Forests are part of the Finnish national identity and for excellent reasons. Finland is a ‘forest giant’, with roughly sixteen times more forest per capita on average than other European countries. It is said to have ten trees for every person in the world. Forests are the nation’s ‘green gold’, making Finland a forest-rich country in every sense. This is good for the economy, as well as the climate, as the forests “sequestrate" huge amounts of the carbon.
On 24 November, the Finnish government unveiled a new climate and energy strategy where it revealed its intention to increase wood harvests by nearly 25%. The risks related to this new policy has been highlighted by Satu Hassi, a member of the Finnish Parliament for the Green Party. But also scientists and neutral institution raised their voices. The Finnish Natural Resources Institute warned that this policy will lead Finland’s forest carbon sink will halve, from 26.6 million tonnes down to 13.3. This is largely caused by the substantial increase in harvesting, more than 30%, compared to the previous decade. They also show that had the additional forest use been kept at current levels, our forest sinks would grow even further and be an even better buffer against climate change. So in the very decades when we need to increase that carbon stored in the forest, Finland, as well as many other countries in the EU, are doing the exact opposite.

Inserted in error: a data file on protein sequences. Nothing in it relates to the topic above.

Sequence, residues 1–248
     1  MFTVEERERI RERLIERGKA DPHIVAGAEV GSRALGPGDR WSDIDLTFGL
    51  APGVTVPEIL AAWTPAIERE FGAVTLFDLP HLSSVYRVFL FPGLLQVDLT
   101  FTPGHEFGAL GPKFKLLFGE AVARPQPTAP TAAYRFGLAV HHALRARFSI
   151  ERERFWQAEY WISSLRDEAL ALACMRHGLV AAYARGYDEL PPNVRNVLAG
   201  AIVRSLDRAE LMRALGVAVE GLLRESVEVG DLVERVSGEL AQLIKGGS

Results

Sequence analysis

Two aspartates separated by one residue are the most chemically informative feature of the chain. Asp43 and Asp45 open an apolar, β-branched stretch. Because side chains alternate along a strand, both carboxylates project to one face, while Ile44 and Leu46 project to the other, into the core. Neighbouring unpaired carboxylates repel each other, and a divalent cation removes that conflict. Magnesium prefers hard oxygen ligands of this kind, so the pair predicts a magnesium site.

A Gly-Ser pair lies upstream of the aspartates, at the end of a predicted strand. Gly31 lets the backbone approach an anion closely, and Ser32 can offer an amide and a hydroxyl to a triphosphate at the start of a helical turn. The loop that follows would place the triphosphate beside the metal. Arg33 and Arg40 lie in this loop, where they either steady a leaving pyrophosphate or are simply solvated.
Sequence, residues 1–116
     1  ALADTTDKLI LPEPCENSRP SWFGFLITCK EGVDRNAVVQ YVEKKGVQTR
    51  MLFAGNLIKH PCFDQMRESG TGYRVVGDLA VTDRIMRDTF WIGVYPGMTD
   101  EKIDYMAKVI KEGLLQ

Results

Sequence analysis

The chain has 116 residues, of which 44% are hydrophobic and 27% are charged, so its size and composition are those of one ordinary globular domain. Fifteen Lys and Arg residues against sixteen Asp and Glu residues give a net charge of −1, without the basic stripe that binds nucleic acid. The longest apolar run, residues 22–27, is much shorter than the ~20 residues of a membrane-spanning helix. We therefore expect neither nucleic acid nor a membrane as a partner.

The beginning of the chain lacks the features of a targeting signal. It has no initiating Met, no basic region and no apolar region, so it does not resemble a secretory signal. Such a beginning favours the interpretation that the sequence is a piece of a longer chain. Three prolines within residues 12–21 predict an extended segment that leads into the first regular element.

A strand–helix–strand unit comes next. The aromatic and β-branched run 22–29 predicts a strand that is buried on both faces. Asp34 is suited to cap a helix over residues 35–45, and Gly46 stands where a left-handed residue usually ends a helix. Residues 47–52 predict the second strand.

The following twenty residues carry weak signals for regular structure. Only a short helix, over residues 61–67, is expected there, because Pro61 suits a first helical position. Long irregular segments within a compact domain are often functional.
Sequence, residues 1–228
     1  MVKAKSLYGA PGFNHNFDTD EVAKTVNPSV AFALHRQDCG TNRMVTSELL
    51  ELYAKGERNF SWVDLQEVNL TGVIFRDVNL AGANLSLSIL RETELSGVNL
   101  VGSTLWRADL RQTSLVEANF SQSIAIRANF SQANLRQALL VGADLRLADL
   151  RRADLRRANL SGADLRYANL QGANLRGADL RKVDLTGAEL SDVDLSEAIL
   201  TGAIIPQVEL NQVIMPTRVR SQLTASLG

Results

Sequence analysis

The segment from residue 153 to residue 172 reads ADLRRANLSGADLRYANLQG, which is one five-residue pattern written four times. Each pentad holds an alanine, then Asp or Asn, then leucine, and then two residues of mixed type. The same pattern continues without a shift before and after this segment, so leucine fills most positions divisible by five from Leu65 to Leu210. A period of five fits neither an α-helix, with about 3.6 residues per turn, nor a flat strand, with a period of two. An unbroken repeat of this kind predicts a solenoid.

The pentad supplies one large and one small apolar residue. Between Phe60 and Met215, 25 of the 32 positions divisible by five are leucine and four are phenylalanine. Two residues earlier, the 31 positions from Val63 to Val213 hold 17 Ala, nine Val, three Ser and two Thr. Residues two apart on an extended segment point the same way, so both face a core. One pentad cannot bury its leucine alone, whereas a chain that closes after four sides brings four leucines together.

In reality, there is nothing the EU can do about this, and it is not trying to do anything: Finland will not be forced to change this strategy in any way.